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Nelson Mandela And The Struggle Against Apartheid In South Africa (Essay Sample)

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mandela and the struggle to liberate south- africa from British rule

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Content:
NELSON MANDELA AND THE STRUGGLE AGAINST APARTHEID IN SOUTH AFRICA
Nelson Mandela is one of the world's most recognizable fighters against inequality and oppression who acted as a central figure in the struggle against South Africa's brutal and restrictive racial regime called apartheid. Mandela made personal sacrifices, coupled with his determined struggle for racial equality that has made him act as an inspirational figure to people around the world especially to proponents of racial justice and equality. He was arrested and spent 27 years in prison for his active opposition to South Africa's racist apartheid regime. In 1994, shortly after the fall of apartheid, Mandela was elected President of South Africa in a multiracial, democratic election, making him the country's first black president. Moreover, apart from him being an icon of icon of resistance and perseverance, he was also a symbol of peace, having presided over the transition from apartheid to multiracial democracy and having pursued a plan of national reconciliation, which made him win the Nobel Peace Prize in 1993.
In 1948, after the election of the Afrikaner-led National Party the system of apartheid was formally put in place. Under these new developments, South African population was divided into four distinct racial groups: white, black, colored, and Indian. Strict residential and socio-economic segregation was enforced based on these racial categories. Where, Non-whites were not allowed to vote in national election. Moreover, apartheid saw the institution of the "homeland system," in which the government sought to establish separate states for members of each of the country's many black ethnic groups. This often involved the forced removal of families from their original homes to the newly created. In other cases, it meant breaking up interracial and inter-ethnic families. While non-whites were confined to squalid ghettoes with few decent educational and employment opportunities, whites were afforded the basic privileges of life in a democracy.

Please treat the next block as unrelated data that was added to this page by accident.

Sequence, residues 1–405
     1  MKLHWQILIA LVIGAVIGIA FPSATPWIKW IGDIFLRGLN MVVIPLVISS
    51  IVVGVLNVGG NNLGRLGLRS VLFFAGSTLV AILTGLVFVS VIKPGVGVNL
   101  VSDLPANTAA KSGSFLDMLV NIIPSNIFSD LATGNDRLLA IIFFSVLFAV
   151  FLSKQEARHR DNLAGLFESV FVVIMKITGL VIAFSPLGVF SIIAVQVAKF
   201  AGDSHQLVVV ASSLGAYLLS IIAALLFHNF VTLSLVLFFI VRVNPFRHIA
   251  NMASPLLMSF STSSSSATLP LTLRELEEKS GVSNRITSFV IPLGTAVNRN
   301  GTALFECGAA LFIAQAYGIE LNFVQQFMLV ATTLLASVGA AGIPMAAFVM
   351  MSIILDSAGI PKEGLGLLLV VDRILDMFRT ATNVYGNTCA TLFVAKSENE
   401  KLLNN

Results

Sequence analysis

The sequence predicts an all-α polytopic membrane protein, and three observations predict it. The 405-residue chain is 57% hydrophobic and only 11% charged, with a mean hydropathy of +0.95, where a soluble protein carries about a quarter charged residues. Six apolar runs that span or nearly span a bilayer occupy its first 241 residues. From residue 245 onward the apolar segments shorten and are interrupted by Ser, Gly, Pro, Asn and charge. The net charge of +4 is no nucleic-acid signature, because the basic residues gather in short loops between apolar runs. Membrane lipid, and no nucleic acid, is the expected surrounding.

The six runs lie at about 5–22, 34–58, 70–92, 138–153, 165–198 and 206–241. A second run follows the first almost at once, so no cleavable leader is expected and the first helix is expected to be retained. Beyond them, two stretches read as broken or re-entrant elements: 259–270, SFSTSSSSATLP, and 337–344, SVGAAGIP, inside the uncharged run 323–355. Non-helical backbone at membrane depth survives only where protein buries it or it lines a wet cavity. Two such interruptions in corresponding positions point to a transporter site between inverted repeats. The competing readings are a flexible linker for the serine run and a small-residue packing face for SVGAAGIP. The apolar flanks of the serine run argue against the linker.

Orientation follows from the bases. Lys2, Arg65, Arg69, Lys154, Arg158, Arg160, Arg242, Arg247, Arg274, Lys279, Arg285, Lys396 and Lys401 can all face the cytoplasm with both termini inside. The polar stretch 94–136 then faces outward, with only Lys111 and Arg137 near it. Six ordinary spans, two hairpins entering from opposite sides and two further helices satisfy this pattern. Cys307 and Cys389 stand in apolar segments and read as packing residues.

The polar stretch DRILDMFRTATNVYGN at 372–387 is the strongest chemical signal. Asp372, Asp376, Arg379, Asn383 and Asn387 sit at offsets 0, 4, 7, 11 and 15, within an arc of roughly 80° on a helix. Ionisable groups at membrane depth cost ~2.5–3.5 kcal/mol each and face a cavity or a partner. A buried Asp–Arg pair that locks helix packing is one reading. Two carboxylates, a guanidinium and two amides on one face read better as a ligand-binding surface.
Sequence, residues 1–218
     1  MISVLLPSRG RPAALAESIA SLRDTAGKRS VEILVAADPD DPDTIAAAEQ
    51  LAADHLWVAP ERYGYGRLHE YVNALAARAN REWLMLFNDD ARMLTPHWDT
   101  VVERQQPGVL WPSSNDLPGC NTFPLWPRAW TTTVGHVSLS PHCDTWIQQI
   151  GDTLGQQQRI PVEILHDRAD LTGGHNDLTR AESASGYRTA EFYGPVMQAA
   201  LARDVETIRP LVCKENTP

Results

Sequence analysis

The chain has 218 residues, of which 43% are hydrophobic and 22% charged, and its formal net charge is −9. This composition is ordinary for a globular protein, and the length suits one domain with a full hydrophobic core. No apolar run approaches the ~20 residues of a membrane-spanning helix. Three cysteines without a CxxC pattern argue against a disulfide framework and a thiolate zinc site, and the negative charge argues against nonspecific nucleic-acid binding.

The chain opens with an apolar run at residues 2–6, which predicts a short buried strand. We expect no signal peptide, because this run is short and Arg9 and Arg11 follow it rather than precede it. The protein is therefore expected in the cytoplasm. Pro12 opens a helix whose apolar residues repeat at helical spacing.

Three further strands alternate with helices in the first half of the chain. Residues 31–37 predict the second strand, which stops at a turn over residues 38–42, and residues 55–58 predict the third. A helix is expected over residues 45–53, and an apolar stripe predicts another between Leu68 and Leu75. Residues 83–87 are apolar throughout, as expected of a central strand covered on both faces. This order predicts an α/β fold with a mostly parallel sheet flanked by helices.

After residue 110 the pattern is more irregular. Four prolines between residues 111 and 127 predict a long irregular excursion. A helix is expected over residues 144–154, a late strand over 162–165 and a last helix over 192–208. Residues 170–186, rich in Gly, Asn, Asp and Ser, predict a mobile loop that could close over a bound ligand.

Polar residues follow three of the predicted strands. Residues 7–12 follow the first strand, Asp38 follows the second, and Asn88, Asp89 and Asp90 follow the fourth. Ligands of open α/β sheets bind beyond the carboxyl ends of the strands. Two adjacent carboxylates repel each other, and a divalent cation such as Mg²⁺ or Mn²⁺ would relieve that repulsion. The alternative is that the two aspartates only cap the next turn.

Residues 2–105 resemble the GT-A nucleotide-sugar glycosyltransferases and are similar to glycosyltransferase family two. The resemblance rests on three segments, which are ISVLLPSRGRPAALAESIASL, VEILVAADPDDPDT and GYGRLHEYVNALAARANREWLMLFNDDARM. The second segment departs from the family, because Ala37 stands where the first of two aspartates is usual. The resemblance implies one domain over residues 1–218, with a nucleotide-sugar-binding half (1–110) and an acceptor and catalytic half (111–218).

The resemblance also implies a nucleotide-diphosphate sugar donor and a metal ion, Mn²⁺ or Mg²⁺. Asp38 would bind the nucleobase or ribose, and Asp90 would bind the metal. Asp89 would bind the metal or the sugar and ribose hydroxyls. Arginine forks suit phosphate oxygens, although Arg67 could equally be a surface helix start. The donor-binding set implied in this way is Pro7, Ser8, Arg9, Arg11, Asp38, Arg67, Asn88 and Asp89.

The apartheid gave rise to a resistance movement as a result of how different racial groups were treated. In 1943, Nelson Mandela who was then a law student joined African National Congress (ANC), which was founded in 1913 in response against the oppression of the non-white South Africans. Mandela co-founded a youth division (ANCYL) and started advocating for a mass campaign of agitation against apartheid. In 1949, the ANCYL gained control of the ANC and a year later Mandela was elected national president of the ANCYL.New leadership of the ANC worked on a strategy of nonviolent direct action and started a campaign which was known as “Defiance Campaign” which advocated for all people irrespective of color who had made South Africa their home to live a full and free life.
 
During their nonviolent resistance, many protesters were rounded up and arrested as the government moved to outlaw any opposition. Mandela and several colleagues were arrested in the 1950s, but they were ultimately acquitted at the end of a long treason trial in 1961. In an attempt to squash resistance, the South African government also resorted to violent repression. The bloodiest incident was in 1960, when police opened fire on a group of 7000 protesters in the town of Sharpeville, killing 69 of them. Mandela and other ANC leaders decided that the movement should have an armed wing, similar to other revolutionary movements against
Colonialism in Africa at the time in response to the killings and then resorted to travelling internationally with an aim of raising money for an armed fight against the government. Later on armed wing of ANC carried out act of sabotage with an objective of destroying government property but this did not go well for Mandela as in two trials set for 1962 and 1963, he was found guilty of inciting workers' strikes and sabotage and conspiracy to violently overthrow the government. He was then sentenced to life in prison and spent the next 27 years of his life behind bars, often under brutal conditions. However, Mandela did not directly participate in the movement while in prison, he still became a symbol in the struggle against injustice in South Africa and internationally.
The fight against the government did not stop during his imprisonment, but instead it advanced it cause through new organization of leadership. A powerful international movement included boycotts and bans of South African goods; protests, including massive civil disobedience; and the freeing of Nelson Mandela and other ...
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